« ElőzőTovább »
of conversion. The old negro king soon grew a littlé cold towards Christianity, disliking much its monogamic rules. He had two sons: the elder approving and the other disapproving of the new faith. The king himself inclined to his pagan younger son and the other was difinherited. On the death of the old monarch, the younger son suddenly attacked the other who had only about him thirty seven followers, Portuguese and negroes. However, under the Christian banner and probably with some little aid of Christian disci
pline, the elder vanquished his younger brother Christiani- with all his host; became king, and did his best
to establish Christianity throughout his dominions. go.
This king of Congo reigned fifty years; he was not only a warm favourer of Christianity, but himself, an active preacher, having qualified himself by learning the Portuguese language and studying the Scriptures. He sent his children and grandchildren over to Portugal; had them well taught both in Latin and Portuguese; and of his own lineage there were two bishops in his kingdom. Barros tells us, that all these things were done at the expense of the kings of Portugal.* A very noble work it was of theirs : and in the
present state of that kingdom, these are the works which may console the Portuguese nation and their rulers with a not unbecoming recollection of past greatness, and, perhaps, reanimate them to great deeds again.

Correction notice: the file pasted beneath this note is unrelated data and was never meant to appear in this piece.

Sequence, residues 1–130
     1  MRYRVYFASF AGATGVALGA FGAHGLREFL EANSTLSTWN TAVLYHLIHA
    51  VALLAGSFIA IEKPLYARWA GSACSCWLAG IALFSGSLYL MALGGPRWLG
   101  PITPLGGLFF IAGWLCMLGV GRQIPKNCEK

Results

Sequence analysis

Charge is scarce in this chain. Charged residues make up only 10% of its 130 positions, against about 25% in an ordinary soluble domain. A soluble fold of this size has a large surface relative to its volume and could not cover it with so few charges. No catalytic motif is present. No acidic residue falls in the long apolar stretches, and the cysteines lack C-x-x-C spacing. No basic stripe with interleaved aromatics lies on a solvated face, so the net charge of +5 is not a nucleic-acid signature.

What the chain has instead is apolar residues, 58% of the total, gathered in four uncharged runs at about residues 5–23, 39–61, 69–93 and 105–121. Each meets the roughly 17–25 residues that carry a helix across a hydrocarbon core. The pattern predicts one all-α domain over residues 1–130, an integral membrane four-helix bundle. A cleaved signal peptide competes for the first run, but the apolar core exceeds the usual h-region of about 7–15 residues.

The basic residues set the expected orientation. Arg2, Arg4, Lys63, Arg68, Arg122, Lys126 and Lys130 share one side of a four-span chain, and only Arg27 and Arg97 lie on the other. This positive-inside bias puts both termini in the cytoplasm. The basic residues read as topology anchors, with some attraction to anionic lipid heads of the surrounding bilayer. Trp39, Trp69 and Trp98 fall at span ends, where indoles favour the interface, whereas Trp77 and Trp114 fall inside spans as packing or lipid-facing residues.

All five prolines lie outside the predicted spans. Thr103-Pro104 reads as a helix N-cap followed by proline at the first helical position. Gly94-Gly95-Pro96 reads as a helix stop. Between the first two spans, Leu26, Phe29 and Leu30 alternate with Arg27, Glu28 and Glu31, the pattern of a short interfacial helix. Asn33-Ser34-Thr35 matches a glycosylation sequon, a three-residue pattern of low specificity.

We may now stop in our task of tracing Portuguese discovery on the coast of Africa. We have seen it quietly making its way for seventy years, from Cape Nam to the Cape of Good Hope, some seven thousand miles. This long course of discovery has been almost entirely thrown into shade by the more daring and brilliant discovery of America, which we have now to enter upon. Yet these doings on the African coast had in them all the energy, perseverance, and courage which distinguished American discovery. Prince Henry himself was hardly a less personage than Columbus. They had different elements to contend in. But the man whom princely wealth and position, and the temptation to intrigue which there must have been in the then state of the Portuguese court, never induced to swerve from the one purpose which he maintained for forty years, unshaken by popular clamour for or against him, however forely vexed he might be with inward doubts and misgivings; who« scorned delights and lived
“ laborious days,” to devote himself to this one purpose--enduring the occasional short-comings of his agents with that forbearance which springs from a care for the enterprise in hand, so deep as to control private vexation (the very fame motive which made Columbus bear so mildly with insult and contumely from his followers),--such a man is worthy to be put in comparison with the other. great discoverer who worked out his enterprise through poverty, neglect, fore travail and the vicissitudes of courts. Moreover we must not forget that Prince Henry was undoubtedly the father of modern geographical discovery, and that the result of his exertions must have given much impulse to Columbus, if it did not first move him to his great undertaking. Having said so much in favour of Prince Henry, we must not omit to speak highly of the contemporary Portuguese monarchs who seem to have done their part in African discovery with much vigour, without jealousy of Prince Henry, and with good intent; and I would wish to include in some part of this praise his many brave captains.